1. Lost over 20 pounds
  2. Clean diet - mostly pescetarian to vegetarian during the work week
  3. Elevate legs about 30 minutes after running for about 10 minutes.
  4. Sleep on a bed with elevated legs.
  5. Stretching - I can touch the floor for the first time in many, many years.
  6. Cut back on ibuprofen. I know this counter-intuitive, but anti-inflammatory drugs like ibuprofen are believed to have the side effect that although they provide pain relief and reduce inflammation in the short term, they prolong healing. I’m down from a minimum of 600 mg per day to 200 mg first thing in the morning. I originally did this because my back pain lessened when I got a new bed, but I think it has been beneficial for running as well.
This year, I was very successful at building up my running distance to the point that I could run as much as 3.8 miles in a single run, although I rarely have run more than 3 miles continuously. Usually my total distance is much farther, anywhere from 4 to 6 miles including walking segments. As I have gotten older, and after many years of fighting injury, I learned to simply stop running when I felt the distinct twinges of pain that indicate coming injury. I enjoy running enough that I prefer to avoid injury, even at the cost of time. Many runners are very competitive and would never allow a slow time, even at the cost of injury. Therefore, for the most part, the only successful competitive runners have durable muscles and joints. You can't succeed a racing unless you can avoid injury. I'm personally more interested in running for general fitness and enjoyment.

Perfect trail for running at Cheyenne Mountain State Park, in Colorado Springs.
This year I was able to use running as a tool to train myself for a single day hike across the Grand Canyon (a "rim to rim"). This was a 24 mile day hike with more than 5000 feet of downhill from the North Rim and over 4000 feet of elevation gain climbing up the South Rim. Much of the trail was steep but I was still tempted to take off running when I saw the smooth, gradually downhill trail in the canyon of Bright Angel Creek. It was such a great feeling to hike so far and still feel so good. Running has provided great joy as well as great fitness to me in middle age. I hope to not have to stop running until I'm in my 60s.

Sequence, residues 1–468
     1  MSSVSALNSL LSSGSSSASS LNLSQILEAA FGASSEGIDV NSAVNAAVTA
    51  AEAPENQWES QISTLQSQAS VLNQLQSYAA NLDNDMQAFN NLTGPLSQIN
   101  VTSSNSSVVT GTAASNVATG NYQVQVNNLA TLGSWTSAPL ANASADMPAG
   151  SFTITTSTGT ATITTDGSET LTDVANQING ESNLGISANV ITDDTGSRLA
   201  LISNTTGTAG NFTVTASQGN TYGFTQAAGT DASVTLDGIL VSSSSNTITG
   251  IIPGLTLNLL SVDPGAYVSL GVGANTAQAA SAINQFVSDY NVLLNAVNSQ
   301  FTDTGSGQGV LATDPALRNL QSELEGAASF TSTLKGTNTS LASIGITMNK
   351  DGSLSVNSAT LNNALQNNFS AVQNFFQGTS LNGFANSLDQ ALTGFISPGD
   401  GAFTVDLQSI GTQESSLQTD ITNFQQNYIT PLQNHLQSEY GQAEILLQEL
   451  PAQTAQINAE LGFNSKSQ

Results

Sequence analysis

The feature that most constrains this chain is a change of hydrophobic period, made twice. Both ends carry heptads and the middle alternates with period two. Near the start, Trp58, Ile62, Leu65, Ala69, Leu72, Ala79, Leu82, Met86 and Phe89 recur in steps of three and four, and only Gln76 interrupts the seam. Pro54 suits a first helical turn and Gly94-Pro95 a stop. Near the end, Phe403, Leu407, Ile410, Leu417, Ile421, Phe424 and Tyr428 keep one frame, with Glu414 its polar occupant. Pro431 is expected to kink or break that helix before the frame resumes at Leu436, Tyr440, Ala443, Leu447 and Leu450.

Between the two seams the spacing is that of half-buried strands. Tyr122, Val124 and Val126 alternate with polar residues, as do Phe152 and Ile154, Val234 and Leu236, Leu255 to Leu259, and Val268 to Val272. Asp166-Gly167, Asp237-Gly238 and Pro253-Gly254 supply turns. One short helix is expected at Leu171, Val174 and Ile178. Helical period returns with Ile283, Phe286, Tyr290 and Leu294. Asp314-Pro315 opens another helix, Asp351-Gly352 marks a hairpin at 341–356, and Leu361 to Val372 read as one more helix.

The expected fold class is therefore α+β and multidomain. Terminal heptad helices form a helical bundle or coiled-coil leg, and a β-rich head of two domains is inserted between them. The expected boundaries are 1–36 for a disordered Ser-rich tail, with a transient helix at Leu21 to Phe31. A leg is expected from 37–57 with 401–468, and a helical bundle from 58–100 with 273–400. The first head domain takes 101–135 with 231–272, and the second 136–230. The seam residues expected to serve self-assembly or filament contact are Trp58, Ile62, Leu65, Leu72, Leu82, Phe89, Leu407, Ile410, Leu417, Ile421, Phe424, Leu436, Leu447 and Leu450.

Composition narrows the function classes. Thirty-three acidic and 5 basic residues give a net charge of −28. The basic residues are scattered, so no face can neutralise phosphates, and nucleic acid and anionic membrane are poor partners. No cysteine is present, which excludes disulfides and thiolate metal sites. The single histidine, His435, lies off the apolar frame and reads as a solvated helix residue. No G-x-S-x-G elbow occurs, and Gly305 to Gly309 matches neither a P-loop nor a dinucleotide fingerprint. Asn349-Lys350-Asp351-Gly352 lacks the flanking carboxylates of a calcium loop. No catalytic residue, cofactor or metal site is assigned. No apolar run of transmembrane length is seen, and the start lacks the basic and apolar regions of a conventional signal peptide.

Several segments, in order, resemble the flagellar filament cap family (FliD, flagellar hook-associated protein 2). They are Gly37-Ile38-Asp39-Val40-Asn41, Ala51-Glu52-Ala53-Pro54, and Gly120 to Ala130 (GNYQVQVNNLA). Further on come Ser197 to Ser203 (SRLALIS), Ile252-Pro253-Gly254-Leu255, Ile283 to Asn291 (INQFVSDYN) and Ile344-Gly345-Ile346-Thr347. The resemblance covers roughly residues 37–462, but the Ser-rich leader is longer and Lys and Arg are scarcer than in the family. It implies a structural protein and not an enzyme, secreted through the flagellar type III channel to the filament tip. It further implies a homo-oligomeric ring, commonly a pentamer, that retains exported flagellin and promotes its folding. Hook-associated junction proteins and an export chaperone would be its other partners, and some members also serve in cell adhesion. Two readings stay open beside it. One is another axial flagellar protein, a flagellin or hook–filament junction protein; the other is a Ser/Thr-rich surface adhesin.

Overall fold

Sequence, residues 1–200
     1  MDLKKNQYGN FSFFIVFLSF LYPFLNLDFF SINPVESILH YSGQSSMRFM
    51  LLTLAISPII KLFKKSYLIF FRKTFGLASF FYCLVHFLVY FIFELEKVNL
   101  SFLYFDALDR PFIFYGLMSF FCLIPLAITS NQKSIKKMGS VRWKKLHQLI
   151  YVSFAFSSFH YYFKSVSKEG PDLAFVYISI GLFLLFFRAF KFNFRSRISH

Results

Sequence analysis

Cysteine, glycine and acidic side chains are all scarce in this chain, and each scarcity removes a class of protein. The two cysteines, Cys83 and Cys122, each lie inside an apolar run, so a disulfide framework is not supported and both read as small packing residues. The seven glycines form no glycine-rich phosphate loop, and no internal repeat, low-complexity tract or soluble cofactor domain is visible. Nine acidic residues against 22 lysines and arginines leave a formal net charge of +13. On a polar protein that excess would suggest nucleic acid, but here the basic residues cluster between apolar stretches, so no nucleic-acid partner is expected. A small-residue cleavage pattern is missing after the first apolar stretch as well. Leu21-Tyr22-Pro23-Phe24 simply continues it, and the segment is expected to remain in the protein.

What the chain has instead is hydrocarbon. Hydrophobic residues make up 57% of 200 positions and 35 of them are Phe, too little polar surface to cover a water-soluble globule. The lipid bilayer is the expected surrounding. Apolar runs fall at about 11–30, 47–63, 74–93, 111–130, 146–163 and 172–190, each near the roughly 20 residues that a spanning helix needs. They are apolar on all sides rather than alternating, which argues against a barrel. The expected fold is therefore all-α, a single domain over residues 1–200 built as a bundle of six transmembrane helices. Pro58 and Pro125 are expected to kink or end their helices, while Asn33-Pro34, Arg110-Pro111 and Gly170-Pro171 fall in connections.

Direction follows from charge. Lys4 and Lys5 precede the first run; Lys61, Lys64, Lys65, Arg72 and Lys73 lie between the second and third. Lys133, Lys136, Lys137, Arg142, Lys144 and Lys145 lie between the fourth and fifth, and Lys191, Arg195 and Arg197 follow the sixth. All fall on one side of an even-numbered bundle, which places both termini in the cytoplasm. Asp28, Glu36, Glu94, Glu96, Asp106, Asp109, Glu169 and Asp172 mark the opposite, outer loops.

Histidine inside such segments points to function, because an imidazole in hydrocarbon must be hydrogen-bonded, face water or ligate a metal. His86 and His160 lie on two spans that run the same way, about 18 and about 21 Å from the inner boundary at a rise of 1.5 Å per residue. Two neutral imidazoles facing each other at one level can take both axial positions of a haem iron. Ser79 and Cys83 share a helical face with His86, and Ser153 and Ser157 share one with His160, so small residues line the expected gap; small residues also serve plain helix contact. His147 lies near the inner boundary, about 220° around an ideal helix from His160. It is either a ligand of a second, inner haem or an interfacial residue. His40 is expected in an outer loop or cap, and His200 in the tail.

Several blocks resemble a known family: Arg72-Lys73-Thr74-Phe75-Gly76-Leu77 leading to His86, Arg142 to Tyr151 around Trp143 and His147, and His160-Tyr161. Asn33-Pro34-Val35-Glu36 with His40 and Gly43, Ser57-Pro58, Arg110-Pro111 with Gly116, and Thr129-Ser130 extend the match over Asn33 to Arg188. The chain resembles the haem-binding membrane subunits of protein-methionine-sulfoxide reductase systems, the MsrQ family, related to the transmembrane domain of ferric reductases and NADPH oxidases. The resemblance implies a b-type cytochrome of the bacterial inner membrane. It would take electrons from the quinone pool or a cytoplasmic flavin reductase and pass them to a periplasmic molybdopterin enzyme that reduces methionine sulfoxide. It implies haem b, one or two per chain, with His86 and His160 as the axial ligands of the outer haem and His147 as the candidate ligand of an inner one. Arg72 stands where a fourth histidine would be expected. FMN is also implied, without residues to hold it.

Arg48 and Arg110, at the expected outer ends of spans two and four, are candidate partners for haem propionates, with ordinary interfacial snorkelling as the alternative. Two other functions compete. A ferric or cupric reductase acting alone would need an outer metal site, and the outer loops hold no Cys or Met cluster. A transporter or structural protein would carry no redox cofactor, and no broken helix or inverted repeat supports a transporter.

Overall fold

The North Kaibab Trail in Grand Canyon National Park. No, I did not run here, but the temptation to take off and leave my hiking companion was almost irresistible given the perfect trail and the epic scenery, especially since I had chosen to hike in my trail running shoes. I was feeling great even after hiking a dozen miles and could easily have run 3 or 4 miles at that point. I completely attribute my ability to do this hike to the fitness provided by running.
I love running. It keeps me in shape and enables my other hobbies that require fitness. I'm 44 years old, feel better than ever, and have no plans to quit running anytime soon.

Footnotes and Commentary

1 Although many sources claim running shoes will last 500 miles, in my experience, current running shoes must be replaced every 300 miles. I believe that the manufacturers could make shoes that last longer, but won’t because they would make less money. They control the longevity of shoes vs. price based upon how often the consumer is willing to spend the money.

2 I suffered from a fairly severe case of Osgood-Schlatter’s syndrome, a very painful swelling on the tibial tuberosity on the front of the knee, just below the kneecap. This prevented me from participating much in athletics, although I sometimes think I spent too much time indulging worry of injury more than the reality of it. I know it was extremely painful though. I sometimes would lay in bed and the knee would throb for hours, keeping me awake, even the weight of the bedsheets at night would hurt the knee. The injury eventually calcified and I had surgery to file off the bone. This achieved good results but I re-injured it in ROTC and has recovered only to about 90% over the years.

3 The Air Force got rid of standing long jump as a requirement for a long time but I read somewhere that it is back. What does that have to do with serving in the Air Force? The requirement is senseless, in my opinion.